In conclusion, the lawmakers want to cut corners on the learning process and think that is the best way to get information in the brains of children. But that doesn’t always work, the children don’t retain the information that is force down their mouths and the government is fast to label these children: learning disability, behavior problems, etc. Children need creativity to help process what they learned. Children need to learn how to concentrate, study and listen. That is part of the learning process. Please lawmakers wake up and take another look at what you are doing to the children of the United States, they are not learning to their compasity due to part of the learning process is missing. The No Child Left Behind initiative actually increases student time spent on math and reading. Often cutting time spent on art, the schools deny students of the learning they need. When studying art, students are more likely to be able to describe their thoughts in greater detail, reason better with multiple critical factors, and predict findings from the information they have been given. Students without a strong art background are less likely to be able to think on those levels or to reach such thinking levels effectively. It’s like we’re moving backward instead of forward. With all of the findings pointing towards the benefits of art in our schools, it’s hard to believe why politicians and school boards are considering cutting art from the curriculum. As the debate rages, it will only help that we increase studies and keep reporting the findings. Our dim future of facts and figures will only change into a bright one with art and culture if we keep pressing our point the way the opposition does. Maybe if the lawmakers work with the teachers to see what a day is like with the arts as part of the curriculum, they will understand a little better. I do believe that more studies need to be done to show the government what they did was not helping the children.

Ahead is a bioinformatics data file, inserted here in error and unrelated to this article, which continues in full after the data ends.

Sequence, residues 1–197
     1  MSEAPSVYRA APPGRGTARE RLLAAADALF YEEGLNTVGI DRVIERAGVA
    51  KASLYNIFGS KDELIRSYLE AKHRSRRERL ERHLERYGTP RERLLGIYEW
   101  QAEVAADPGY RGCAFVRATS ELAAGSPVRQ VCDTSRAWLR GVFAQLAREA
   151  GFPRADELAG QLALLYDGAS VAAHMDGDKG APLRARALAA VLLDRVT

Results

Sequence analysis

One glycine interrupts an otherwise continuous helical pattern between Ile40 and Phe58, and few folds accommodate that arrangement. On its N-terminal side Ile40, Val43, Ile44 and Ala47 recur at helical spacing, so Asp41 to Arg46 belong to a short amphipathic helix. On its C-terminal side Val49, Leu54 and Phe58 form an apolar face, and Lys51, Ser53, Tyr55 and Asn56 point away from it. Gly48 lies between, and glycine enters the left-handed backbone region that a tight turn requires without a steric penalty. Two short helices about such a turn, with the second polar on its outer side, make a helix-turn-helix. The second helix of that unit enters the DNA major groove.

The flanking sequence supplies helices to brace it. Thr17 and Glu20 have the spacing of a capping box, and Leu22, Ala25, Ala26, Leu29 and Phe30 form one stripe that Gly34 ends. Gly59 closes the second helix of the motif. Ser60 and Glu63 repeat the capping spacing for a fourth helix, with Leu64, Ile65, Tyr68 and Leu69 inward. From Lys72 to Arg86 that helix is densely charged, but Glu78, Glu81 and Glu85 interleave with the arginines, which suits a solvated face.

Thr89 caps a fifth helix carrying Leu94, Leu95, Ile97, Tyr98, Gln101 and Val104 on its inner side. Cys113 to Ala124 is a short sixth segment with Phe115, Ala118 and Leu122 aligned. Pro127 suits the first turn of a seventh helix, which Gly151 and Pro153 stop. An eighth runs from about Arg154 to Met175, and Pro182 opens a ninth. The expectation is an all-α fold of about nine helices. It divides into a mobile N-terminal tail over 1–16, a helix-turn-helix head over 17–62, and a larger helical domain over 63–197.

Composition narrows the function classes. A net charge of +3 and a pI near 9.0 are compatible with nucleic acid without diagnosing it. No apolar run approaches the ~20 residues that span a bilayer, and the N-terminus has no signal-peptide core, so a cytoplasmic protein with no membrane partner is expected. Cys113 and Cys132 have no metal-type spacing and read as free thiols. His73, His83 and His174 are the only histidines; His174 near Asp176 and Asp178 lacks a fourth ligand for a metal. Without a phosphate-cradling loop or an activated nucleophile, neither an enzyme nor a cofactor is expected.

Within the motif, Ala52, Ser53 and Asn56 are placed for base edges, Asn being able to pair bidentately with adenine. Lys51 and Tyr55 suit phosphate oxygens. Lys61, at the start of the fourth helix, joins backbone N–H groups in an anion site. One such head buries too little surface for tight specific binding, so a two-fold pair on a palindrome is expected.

However, simply using music while learning does not absolutely guarantee recall but can possibly improve it. Music does enter into memory along with the information learned and the same music used for learning is used during recall. Also the tempo appears to be a key music’s effect on memory.
My Capella specialization is Postsecondary and Adult Education, and my career goal is to start a learning center were children and adults can come and help in reading, GED prep and tutoring. There are so many people out there that need help and don’t have the resources to better themselves or in another way of saying it is updating their education. This course has taught me so much, like thinking outside the box, participation in online discussions and meeting new people.

Alverman, D. E., & Phelps, S. F. (2002). Content reading and literacy: Succeeding in today's diverse classrooms. Boston: Allyn & Bacon.
Beveridge, T. (2010). No Child Left Behind and Fine Arts Classes. Longview, WA: Heldref Publications
Eisner, E. (Ed.). (2002). The arts and the creation of minds. New Haven, CT: Yale University Press.
Harvey, S., & Goudvis, A. (2000). Strategies that work. York, ME: Stenhouse.
Readence, J. E., Bean, T. W., & Baldwin, R. S. (2004). Content area literacy: An integrated approach (8th ed.). Dubuque, IA: Kendall/Hunt.
Routman, R. (2003). Reading essentials: The specifics you need to teach reading well. Portsmouth, NH: Heinemann.
Sousa, D. (2006). How the Arts DEVELOP THE YOUNG BRAIN. School Administrator, 63(11), 26-31. Retrieved from Professional Development Collection database.
Spohn, Cydney, (2008). Teacher Perspectives on No Child Left Behind and Arts Education: A Case Study, Heldref Publication, 3-11
Albert Einstein. (n.d.). Retrieved March 28, 2012, from Web site:
Stopps, A. (2006, December 16). The benefits of learning music. Retrieved from WWW.American.Gov.(2008, December 16). The sound of music in schools. Retrieved from
Wolpow, R., & Tonjes, M. (2006). Integrated content literacy (5th ed.). Dubuque, IA: Kendall/Hunt